Friday, September 28, 2012

My Washington Times Review Of James Lee Burke's Crime Thriller 'Creole Belle'

The Washington Times published my review of James Lee Burke's crime thriller Creole Belle today.

In James Lee Burke’s previous Dave Robicheaux crime thriller, “The Glass Rainbow,” the Cajun detective from the New Iberia, La., Sheriff's Department ended up struck in the back in a bayou shootout with the bad guys.

In Mr. Burke’s latest novel, “Creole Belle,” the 19th in the Dave Robicheaux series, Robicheaux is in a hospital in New Orleans recovering from the gunshot wound.

He is administered morphine, which is good for the pain but not necessarily good overall, as Robicheaux is a recovering alcoholic with a history of depression and violence.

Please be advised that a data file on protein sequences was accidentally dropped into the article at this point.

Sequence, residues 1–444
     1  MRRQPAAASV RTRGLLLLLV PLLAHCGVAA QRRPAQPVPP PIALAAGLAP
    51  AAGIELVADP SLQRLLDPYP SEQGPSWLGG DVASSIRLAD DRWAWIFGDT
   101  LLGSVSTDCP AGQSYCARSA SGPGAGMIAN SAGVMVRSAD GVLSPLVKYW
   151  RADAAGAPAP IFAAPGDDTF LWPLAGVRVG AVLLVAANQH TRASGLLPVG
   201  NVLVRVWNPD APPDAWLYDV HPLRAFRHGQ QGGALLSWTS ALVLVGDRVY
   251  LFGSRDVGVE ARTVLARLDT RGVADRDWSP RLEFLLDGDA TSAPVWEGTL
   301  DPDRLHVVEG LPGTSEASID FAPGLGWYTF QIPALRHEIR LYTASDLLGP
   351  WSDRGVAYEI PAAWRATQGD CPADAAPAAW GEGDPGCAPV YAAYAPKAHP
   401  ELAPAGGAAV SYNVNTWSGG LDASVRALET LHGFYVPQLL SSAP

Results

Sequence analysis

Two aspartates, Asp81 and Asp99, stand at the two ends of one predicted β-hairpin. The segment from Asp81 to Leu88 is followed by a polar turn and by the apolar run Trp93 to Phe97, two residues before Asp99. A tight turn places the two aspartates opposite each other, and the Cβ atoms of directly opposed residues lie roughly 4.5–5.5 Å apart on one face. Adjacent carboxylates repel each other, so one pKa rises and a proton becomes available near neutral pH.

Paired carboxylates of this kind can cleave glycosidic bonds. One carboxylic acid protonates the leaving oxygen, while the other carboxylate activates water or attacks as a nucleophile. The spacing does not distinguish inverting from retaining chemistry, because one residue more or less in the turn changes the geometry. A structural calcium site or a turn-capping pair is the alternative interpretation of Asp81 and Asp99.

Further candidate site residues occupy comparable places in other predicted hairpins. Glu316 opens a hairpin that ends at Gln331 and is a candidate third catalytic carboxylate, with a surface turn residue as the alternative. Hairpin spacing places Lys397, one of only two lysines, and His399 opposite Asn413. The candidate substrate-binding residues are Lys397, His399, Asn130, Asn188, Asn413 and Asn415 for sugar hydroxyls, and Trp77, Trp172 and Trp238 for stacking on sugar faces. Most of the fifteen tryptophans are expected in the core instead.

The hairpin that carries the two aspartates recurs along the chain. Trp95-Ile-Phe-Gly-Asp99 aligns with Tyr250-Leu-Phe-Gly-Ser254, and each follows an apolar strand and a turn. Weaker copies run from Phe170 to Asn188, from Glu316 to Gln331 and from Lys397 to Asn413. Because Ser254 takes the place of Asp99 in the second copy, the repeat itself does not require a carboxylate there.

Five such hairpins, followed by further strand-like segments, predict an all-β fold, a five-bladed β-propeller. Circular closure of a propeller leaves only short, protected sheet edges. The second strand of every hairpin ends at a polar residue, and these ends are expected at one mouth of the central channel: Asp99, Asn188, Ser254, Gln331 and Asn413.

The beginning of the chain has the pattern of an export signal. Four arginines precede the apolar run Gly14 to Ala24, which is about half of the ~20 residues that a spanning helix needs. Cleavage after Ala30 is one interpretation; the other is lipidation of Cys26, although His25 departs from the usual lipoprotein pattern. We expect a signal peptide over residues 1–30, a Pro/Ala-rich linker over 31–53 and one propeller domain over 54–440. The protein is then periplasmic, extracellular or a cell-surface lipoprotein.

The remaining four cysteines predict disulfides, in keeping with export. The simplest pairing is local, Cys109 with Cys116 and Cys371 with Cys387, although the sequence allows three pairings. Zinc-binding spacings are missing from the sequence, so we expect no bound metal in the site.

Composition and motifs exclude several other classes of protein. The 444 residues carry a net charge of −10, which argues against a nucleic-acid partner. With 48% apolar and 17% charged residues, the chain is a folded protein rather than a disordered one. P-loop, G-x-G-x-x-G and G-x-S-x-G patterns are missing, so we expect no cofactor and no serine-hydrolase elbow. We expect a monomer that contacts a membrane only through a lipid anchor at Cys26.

... The story leads to the kind of bad guys Robicheaux and Purcel encountered in the previous novel as well as those before it in the series: rich, powerful, corrupt and decadent patricians, greedy, crooked and heartless corporate executives, and violent, sociopathic, low-life criminals. Their collective crimes range from art fraud to white slavery and from Nazi war crimes to murder.

Mr. Burke once again makes the Louisiana region come alive in his vivid descriptions of the land, the sea, the weather, and the people, music and food — especially the food.

You can read the rest of the piece via the below link:

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